July 27, 2009
Leading stun gun manufacturer Taser International Inc. unveiled on Monday a device that is capable of deploying three shocks without having to be recharged — a move that comes just days after a British Columbia inquiry urged stricter limits on the use of the weapons.
Typically, law enforcement officers using stun guns — also known as conducted energy weapons — have to reload after each deployment. Officers using the weapons no longer have to wait to deploy the weapons again, and now can deliver multiple shocks in quick succession.
This capacity could help officers who have missed a target or have more than one suspect to subdue.
Whether or not law enforcement officers should be given the ability to shock people multiple times has been a contentious issue in Canada. One of the recommendations of a report on stun gun use released Thursday by former B.C. Appeal Court justice Thomas Braidwood suggests such use is unwarranted and potentially deadly.
Braidwood recommended in his report that stun guns be used only in single five-second bursts in most cases, rather than multiple bursts. He cited increased medical risks associated with repeated shocks, and recommended that paramedic assistance be requested in every medically high-risk situation.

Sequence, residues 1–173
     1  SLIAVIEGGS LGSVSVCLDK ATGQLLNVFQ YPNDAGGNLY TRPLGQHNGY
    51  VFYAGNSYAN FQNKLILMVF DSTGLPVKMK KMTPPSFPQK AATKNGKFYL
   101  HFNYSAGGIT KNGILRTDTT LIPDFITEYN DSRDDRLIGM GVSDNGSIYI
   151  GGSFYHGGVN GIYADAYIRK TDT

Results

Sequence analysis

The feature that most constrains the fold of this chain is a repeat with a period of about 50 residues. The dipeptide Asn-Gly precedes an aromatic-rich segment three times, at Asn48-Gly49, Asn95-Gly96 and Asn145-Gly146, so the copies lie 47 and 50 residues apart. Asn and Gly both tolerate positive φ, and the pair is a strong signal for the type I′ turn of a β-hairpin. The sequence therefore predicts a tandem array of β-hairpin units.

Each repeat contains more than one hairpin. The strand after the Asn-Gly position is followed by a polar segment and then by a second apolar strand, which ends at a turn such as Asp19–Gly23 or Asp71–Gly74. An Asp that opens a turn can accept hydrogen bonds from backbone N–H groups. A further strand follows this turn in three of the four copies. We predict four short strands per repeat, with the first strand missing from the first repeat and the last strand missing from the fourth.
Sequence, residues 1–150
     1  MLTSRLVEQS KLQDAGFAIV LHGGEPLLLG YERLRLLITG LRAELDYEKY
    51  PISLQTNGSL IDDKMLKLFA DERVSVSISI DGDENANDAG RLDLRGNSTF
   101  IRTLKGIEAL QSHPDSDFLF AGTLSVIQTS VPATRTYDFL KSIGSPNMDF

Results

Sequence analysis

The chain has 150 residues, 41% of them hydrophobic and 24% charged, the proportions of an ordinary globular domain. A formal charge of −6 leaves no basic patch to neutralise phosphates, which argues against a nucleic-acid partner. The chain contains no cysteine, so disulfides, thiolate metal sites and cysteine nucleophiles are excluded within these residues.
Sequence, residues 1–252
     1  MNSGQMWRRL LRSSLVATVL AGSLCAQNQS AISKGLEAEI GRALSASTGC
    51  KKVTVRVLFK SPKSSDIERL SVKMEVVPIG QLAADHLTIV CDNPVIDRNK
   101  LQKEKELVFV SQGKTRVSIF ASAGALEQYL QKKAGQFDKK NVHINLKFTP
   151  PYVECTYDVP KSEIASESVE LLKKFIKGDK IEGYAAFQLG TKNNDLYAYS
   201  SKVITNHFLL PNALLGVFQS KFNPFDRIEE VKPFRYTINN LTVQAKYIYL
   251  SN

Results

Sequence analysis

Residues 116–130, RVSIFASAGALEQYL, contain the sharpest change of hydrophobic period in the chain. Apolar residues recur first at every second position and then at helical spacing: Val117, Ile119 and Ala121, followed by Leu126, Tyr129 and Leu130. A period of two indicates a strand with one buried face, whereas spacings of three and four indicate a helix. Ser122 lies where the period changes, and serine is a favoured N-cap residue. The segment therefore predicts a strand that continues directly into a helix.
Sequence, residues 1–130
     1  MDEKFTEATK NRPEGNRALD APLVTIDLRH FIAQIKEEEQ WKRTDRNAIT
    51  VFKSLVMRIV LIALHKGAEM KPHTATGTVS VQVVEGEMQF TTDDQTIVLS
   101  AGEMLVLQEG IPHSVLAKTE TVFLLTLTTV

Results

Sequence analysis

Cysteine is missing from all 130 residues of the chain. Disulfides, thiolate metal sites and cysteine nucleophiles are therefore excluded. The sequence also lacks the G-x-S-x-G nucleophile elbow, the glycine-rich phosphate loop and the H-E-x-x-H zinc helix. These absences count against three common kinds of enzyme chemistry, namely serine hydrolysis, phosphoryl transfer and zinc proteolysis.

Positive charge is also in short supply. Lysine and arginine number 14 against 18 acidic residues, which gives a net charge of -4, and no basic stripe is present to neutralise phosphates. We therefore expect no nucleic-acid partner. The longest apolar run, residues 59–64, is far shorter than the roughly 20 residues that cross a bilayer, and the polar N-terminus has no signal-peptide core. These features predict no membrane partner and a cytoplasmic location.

Though the report recommended a number of stricter limits on the use of the weapons, it stopped short of calling for an outright ban. The British Columbia government promptly adopted all of the recommendations outlined in the report.
The use of the weapons has sparked widespread controversy in Canada, particularly in the aftermath of the death of Polish man Robert Dziekanski at Vancouver International Airport in October 2007. His death, which came after he was stunned with Tasers multiple times by RCMP officers, prompted the Braidwood inquiry and the release of last week's report.
Braidwood will also specifically probe Dziekanski's death in a second report, which isn't expected for months.
Details coming next month
Arizona-based Taser was quick to dismiss Thursday's report. The company said after its release that it appears that "politics has trumped science."
The recommendations in the report are based largely on speculation and ignored key facts, Taser said.
Taser unveiled its new device on Monday to hundreds of law enforcement officers and distributors at its annual conference. It costs $1,799 US, compared with $799 US for the older model, though Taser spokesman Steve Tuttle said there will be "very generous" trade-in programs for law enforcement agencies.
Like the older models, the new stun gun shoots two barbed wires that deliver electrical current for several seconds, temporarily immobilizing people from a distance.
Details on when the new device will be made available will likely come next month, said Tuttle.
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Monday, July 27, 2009
July 27, 2009